What supply chain finance tells us about Liam Fox’s post-Brexit export strategy
The launch of the UK Government’s Export Strategy to boost British business is very welcome as any focus on boosting the trading fortunes of British business should be.
The report cites that 90% of global economic growth in the next decade is expected to be generated outside of the EU and highlights that the growth of the digital economy and trade in services is making the world more accessible. On this, there can be no argument, and nor can there be on an aspiration for UK exports to represent 35% of GDP on its current 30% level.
The UK Government will help business with online support through its great.gov.uk website, an enhanced brief for the existing missions to facilitate introductions to new markets and for agencies such as the UK Export Finance (UKEF) to provide its continued assistance for those businesses requiring working capital finance to support their export growth.
The Government paper certainly provides more insight and focus on those markets and sectors which are deemed to be areas of opportunity for UK SMEs and mid-market companies and the message is clear that post-Brexit, Britain is well placed to become the international trading powerhouse to rival Germany and other major economies.
However, it should be remembered that, through existing EU trade arrangements, the opportunity for UK companies to trade with these markets by and large already exists and it is not yet clear what new game changing conditions will be in place. UK businesses contemplating entering these new markets in the future must reflect on what has impeded them from doing so in the past and make a judgement as to whether such impediments will be greater or reduced in a post-Brexit world.
Of more immediate relevance to SME and mid-market businesses is how a post-Brexit world will affect their existing business and operations. The Government paper acknowledges that the EU accounts today for 44.5% of the UK export market. A more immediate concern for a UK business, and one which needs to be considered at present, is whether post-Brexit their ability to trade in the markets in which they currently trade and operate is impaired by a need to become re-licensed and/or certificated as such privileges currently afforded in an EU framework may be lost. Moreover, any resultant cost increases may make existing trade agreements and contracts uncompetitive.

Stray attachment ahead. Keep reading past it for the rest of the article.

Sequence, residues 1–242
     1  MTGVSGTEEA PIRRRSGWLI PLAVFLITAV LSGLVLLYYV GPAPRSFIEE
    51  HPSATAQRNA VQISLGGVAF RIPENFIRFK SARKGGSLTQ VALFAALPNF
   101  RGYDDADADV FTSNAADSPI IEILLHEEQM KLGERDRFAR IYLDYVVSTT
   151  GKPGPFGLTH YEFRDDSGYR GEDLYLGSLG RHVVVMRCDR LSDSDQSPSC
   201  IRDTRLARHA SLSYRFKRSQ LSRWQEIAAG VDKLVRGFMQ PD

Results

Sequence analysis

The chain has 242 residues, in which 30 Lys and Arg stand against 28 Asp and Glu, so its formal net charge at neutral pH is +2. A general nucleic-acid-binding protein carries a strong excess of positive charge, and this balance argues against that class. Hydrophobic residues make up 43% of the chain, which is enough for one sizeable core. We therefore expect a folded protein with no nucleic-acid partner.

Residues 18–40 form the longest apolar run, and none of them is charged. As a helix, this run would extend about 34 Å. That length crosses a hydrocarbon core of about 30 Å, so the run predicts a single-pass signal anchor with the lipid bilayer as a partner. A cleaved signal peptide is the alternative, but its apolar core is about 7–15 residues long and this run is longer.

The UK government recognises that for many UK SMEs and mid-market companies, the ability to raise additional working capital and a fear of the increased risk in trading with new and unknown markets is a major concern, Many of the Government’s proposed actions are designed to address the fear aspect but it remains to be seen as to whether the existing banks and other funders will step up to the mark with or without the support of UKEF.
The need for additional working capital and risk mitigation is very pertinent as any lengthening of lead times and transit times caused by more extensive customs procedures or any requirement to pay taxes/duties in advance will affect a company’s cash flow. Anything that lengthens the end-to-end trade cycle or accelerates the timing of cash outflows has a direct negative impact on working capital.
Such consideration is also relevant where a company is looking to change its sourcing/ procurement arrangements or wishes to provide different selling terms to its customers. For all the discussion and motivations being presented to increase UK export trade, many of the goods being exported will have some level of overseas component that will have been imported in to the UK.
We frequently work with businesses and their funders to undertake a trade cycle analysis. By following the actual and projected physical and financial flows of their activities, we can assist them in identifying and quantifying those cash flow gaps that will need additional financing support. Post-Brexit this will become an even more essential activity as companies may see a perceived advantage or need to change their existing sourcing arrangements on one side, while also making a change in the sales and payment terms with new and existing customers.
Just like both the UK Government and EU are considering the implications of a post-Brexit world, it will be a sensible step for companies to undertake their own scenario planning and to review existing key relationships so as to assess how they may be affected. For example, if the business has a high dependency on a particular supplier or customer in a given territory, what would a change in trading conditions mean for the business and how much flexibility can it show before the relationship becomes unviable?
As much as the steps being taken as per the Export Strategy document, it would help UK SME’s and mid-market companies if the Government considered providing tax or other financial incentives to assist UK business trading overseas. When mentioned in the past, Government Ministers cited EU regulations that stopped the UK Government undertaking such actions. Yet as we step into a post-Brexit world, it would be an ideal opportunity for the Treasury to investigate this.
Moreover, many of the non-bank and fintech funders struggle to grow their portfolios as they are dependent on relatively high costs of funding which makes their solutions too expensive for many companies. For some, their ability to raise funding is also dependent on having credit insurance in place, with their funders only agreeing to provide funding on a back to back basis up to the levels agreed with the credit insurer. It would be good to see whether through UKEF or some other Government initiative, more support is given to the non-bank fintech community in providing their services to UK business.
By Lionel Taylor and John Bugeja, founders of Trade Advisory Network
Trade Advisory Network is specialist consulting firm in trade and supply chain finance